Anchor text describes the purpose of a link and contextualizes the destination page for users, but it also does the same for search engines.

Web Content Accessibility Guidelines (aka WCAG)

The Web Content Accessibility Guidelines (WCAG), as developed by the World Wide Web Consortium (W3C), provide a comprehensive set of standards, guidelines, and success criteria for web accessibility. Adherence to WCAG helps ensure your that website is accessible to individuals with disabilities and meets legal requirements.

Web Accessibility Best Practices

To improve website accessibility, consider the following best practices:

  • Use clear and concise language in content.
  • Provide alt text for images.
  • Use descriptive headers and sub-headers.
  • Avoid using colour alone to convey meaning.
  • Implement responsive design for different devices.
  • Ensure clear and consistent navigation.

Testing Website Accessibility and SEO

Automated testing tools will help identify accessibility issues in your website’s code and content. Additionally, user testing, where individuals with disabilities interact with your website, provides valuable insights for improvements. Best practice for success promotes using both methodologies.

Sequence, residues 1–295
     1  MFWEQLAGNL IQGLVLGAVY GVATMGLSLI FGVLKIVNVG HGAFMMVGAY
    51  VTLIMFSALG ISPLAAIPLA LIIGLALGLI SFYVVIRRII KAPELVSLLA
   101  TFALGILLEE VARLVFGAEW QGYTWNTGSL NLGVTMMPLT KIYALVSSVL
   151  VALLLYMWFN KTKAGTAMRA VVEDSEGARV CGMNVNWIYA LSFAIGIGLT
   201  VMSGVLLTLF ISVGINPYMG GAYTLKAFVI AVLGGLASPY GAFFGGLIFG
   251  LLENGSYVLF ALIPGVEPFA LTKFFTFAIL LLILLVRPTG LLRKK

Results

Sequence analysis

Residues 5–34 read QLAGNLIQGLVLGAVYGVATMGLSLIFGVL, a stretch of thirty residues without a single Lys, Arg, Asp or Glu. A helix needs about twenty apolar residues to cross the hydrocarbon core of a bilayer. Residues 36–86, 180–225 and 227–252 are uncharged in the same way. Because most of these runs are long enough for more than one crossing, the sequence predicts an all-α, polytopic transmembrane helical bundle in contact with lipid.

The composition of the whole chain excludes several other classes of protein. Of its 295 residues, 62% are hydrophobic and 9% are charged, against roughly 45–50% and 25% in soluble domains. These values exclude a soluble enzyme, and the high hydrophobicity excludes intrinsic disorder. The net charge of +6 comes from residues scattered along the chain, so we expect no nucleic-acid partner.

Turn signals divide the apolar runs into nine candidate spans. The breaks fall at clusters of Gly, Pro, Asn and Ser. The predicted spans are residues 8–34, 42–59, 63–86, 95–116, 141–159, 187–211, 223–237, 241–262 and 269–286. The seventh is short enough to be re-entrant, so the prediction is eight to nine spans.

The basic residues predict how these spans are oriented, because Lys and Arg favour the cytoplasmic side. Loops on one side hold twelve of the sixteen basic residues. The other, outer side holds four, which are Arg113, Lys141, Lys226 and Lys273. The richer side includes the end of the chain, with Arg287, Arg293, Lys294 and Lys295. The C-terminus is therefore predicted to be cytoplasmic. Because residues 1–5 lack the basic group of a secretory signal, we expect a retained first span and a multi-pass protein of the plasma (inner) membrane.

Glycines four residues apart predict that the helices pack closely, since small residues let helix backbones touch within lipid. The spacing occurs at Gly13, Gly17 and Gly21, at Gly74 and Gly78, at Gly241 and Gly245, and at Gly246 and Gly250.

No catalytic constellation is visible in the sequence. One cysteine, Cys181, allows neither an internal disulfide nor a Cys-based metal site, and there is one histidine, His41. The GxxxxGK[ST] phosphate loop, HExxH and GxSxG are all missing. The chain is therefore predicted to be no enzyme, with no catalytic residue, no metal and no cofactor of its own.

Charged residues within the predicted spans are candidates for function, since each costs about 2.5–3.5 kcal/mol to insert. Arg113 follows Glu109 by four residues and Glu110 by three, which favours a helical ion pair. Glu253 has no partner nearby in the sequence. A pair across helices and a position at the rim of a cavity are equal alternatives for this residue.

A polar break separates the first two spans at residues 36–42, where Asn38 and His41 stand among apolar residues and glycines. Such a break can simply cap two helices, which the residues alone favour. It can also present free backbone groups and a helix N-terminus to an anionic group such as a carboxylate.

To address the search engine, there are also many SEO testing tools available to ensure your website’s optimal performance. Testing a website’s SEO involves a combination of both automated tools and manual checks to ensure the site works well for search engines and user experience. There are reputable SEO audit tools like Google Search Console and SEMrush. These can identify technical issues, analyze backlinks, and track keyword rankings.

Website Accessibility Plan and SEO Needs to Include Working With Developers

Collaboration with web developers to prioritize accessibility in the development process is key. Providing accessibility guidelines and standards, conducting audits and testing, and fostering a mutual understanding of the importance of inclusive design from the start also constitutes an ideal starting line.

Website accessibility and SEO are closely related, and investing in accessibility not only helps you reach a broader audience. It also improves user experience and indirectly enhances your SEO efforts. In effect, prioritizing website accessibility is not just a legal requirement. It’s a way to create an inclusive and user-friendly digital environment for every visitor to your website.